First, his love for his Father. Jesus says, “The Sovereign Lord has opened my ears, and I have not been rebellious; I have not drawn back” (Isaiah 50:5 NIV). Jesus listened willingly with open ears. Why? Because he loved the Father. He did not rebel or turn back. Rather he set his face like flint (Isaiah 50:7). His resolve was as solid as stone. He resolutely set out for Jerusalem, even though he knew that suffering that awaited him. That was the Father's will. Remember the Gospel today from Mark 8: “The Son of Man must suffer many things and be rejected by the elders, chief priests and teachers of the law, and that he must be killed and after three days rise again” (Mark 8:31 NIV). Jesus faced it all willingly, head on. He drank the cup of suffering and death. For he loved the Father, as he prayed in Gethsemane, “Not my will, but yours be done” (Luke 22:42 NIV). He gave his back to the beatings, his face to the spitting, his hands to the nails. This wasn't taken from him, but he gave himself willingly. For this was the Father's saving will. The great hymn writer, Paul Gerhardt, expresses this willing obedience by having Jesus say, “Yes, Father, yes, most willingly I'll bear what you command me. My will conforms to your decree; I'll do what you have asked me.” (Christian Worship: A Lutheran Hymnal, “A Lamb Goes Uncomplaining Forth” 100:3). What love for his Father! How willingly he suffers! He endures all.

And also, dear friends, do not forget his love for you. He endured all for you. How willingly he suffered for you! For you, dear friend, for you. For you see, he was innocent.

B. How innocent he is!

1. What does Jesus innocence prove about our sins?

Jesus had done nothing wrong, nothing at all -- not only as far as men can judge, but even in the eyes of the holy One, who sees all. How innocent Jesus was! Even lying witnesses couldn't make their testimonies agree. So great was his innocence!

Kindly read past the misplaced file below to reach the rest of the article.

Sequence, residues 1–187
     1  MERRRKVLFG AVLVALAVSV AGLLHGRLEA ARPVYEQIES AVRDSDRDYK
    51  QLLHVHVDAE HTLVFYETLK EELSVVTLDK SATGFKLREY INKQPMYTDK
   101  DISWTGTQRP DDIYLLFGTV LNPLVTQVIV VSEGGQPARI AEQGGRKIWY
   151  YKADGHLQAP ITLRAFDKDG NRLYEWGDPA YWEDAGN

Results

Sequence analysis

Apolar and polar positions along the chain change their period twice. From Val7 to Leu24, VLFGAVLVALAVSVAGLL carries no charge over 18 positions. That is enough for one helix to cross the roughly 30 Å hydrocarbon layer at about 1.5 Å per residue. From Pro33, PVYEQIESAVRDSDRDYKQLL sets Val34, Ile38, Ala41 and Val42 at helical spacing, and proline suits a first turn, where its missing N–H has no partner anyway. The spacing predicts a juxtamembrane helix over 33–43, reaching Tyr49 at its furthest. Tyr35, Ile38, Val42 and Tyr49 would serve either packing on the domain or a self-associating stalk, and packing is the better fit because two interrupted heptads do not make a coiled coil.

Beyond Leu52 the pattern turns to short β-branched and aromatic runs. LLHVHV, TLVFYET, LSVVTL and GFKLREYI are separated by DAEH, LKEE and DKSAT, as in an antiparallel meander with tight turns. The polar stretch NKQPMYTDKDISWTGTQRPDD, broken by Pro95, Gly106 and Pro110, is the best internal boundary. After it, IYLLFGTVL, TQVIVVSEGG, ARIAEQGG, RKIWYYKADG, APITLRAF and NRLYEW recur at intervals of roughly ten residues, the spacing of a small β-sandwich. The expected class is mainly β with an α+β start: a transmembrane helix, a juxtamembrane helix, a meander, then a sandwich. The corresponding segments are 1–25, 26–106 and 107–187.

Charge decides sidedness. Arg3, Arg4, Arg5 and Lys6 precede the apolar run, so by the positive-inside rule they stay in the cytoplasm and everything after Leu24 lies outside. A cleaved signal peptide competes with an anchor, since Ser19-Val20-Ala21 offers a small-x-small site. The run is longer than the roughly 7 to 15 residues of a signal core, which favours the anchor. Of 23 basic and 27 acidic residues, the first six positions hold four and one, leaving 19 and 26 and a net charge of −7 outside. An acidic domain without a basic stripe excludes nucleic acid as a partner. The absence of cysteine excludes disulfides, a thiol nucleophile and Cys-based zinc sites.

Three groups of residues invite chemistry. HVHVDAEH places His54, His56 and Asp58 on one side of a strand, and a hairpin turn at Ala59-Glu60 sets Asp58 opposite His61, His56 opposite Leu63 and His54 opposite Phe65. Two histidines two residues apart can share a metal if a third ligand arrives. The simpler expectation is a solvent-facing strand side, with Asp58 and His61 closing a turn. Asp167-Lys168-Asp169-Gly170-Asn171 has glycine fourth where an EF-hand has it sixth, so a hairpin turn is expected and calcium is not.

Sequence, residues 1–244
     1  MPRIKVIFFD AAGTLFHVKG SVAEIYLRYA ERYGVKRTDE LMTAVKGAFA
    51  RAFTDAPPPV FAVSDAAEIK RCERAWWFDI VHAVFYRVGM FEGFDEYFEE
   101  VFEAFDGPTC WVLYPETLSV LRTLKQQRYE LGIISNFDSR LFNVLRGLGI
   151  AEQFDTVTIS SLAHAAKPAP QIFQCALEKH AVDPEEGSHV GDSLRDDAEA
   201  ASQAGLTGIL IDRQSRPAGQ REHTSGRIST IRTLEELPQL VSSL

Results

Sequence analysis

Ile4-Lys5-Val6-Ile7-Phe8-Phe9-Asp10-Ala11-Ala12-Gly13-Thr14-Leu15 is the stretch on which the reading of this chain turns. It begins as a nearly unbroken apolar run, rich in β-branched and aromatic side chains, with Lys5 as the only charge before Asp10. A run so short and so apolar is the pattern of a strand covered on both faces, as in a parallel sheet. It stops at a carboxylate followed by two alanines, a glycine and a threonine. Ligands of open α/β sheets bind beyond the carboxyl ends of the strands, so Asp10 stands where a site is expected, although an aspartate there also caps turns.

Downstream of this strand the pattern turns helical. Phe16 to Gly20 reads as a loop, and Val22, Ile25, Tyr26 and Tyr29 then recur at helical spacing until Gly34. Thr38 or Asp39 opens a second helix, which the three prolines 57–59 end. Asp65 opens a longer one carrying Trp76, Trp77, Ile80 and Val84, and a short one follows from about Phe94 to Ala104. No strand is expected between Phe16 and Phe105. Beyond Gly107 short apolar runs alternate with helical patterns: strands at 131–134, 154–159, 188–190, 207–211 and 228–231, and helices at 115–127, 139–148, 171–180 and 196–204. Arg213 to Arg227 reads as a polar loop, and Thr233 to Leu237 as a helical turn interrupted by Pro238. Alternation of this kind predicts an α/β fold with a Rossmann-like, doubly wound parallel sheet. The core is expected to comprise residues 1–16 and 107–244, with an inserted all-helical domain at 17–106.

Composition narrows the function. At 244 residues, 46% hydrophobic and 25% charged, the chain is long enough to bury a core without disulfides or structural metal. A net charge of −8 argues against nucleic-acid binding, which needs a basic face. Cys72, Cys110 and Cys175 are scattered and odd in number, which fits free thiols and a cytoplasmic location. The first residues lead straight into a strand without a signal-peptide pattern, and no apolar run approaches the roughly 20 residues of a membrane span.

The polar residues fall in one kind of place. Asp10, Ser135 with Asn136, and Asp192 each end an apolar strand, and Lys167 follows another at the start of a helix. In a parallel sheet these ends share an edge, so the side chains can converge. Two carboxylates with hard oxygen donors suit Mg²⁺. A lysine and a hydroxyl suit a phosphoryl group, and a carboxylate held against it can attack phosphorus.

That's why Jesus calls out here with defiant confidence, challenging anyone to take him to court and prove him guilty. “Who then will bring charges against me? Let us face each other! Who is my accuser? Let him confront me! It is the Sovereign Lord who helps me. Who is he that will condemn me?” (Isaiah 50:8, 9 NIV). To the contrary, those accusers and their accusations will wear out like old moth-eaten clothing. How innocent Jesus is!

Then why did he endure such injustice? He did it for you and for me. “I have endured all for you,” he promises. So great is his love for you! But how astounding, even shocking, that he would love us! There is nothing in us to attract his love. Just the opposite! Everything about our natural condition repulses his love and rightly earns us his hatred. Even as a cute, cuddly newborn, our inherited filth was a stench in his holy nostrils and we've only piled up more garbage since then.

Yet despite what you and I are, he loved you and me so much that he innocently endured all for you. What grace! For though innocent, he suffered in our place. What grace! The innocent Lamb of God without blemish, spot, or stain was slaughtered for disobedient sheep. Isaiah writes in chapter 53 “We all, like sheep have gone astray, each of us has turned to his own way; and the Lord has laid on him the iniquity of us all” (Isaiah 53:6 NIV). Though innocent, he endured it all for you. He carried your sins and paid for your failures. Paul Gerhardt expressed this in that same hymn as before: “A Lamb goes uncomplaining forth, Our guilt and evil bearing And, laden with the sins of earth, None else the burden sharing.” (Christian Worship: A Lutheran Hymnal, “A Lamb Goes Uncomplaining Forth” 100:1). That innocent Lamb is Jesus Christ, your Savior. “I have endured all for you,” he promises.